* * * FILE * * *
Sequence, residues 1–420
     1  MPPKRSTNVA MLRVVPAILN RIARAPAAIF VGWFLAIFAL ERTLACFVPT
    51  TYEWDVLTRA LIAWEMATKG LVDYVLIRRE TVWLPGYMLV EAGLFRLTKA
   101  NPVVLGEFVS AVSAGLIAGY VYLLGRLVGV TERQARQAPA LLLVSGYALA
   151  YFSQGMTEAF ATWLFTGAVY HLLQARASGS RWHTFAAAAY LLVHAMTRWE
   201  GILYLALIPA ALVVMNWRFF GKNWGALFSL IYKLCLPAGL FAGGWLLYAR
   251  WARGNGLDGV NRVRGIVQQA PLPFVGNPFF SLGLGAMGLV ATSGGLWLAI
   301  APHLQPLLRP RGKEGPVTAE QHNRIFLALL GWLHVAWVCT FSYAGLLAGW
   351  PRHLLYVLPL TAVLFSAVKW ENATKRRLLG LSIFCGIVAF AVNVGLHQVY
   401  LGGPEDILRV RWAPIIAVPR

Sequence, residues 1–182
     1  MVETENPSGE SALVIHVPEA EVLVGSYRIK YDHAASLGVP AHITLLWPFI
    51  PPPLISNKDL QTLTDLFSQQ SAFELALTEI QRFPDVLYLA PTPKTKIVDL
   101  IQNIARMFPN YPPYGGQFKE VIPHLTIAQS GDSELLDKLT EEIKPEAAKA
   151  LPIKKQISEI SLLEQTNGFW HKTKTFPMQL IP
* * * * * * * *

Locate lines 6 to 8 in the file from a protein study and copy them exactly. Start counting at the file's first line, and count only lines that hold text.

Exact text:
   201  GILYLALIPA ALVVMNWRFF GKNWGALFSL IYKLCLPAGL FAGGWLLYAR
   251  WARGNGLDGV NRVRGIVQQA PLPFVGNPFF SLGLGAMGLV ATSGGLWLAI
   301  APHLQPLLRP RGKEGPVTAE QHNRIFLALL GWLHVAWVCT FSYAGLLAGW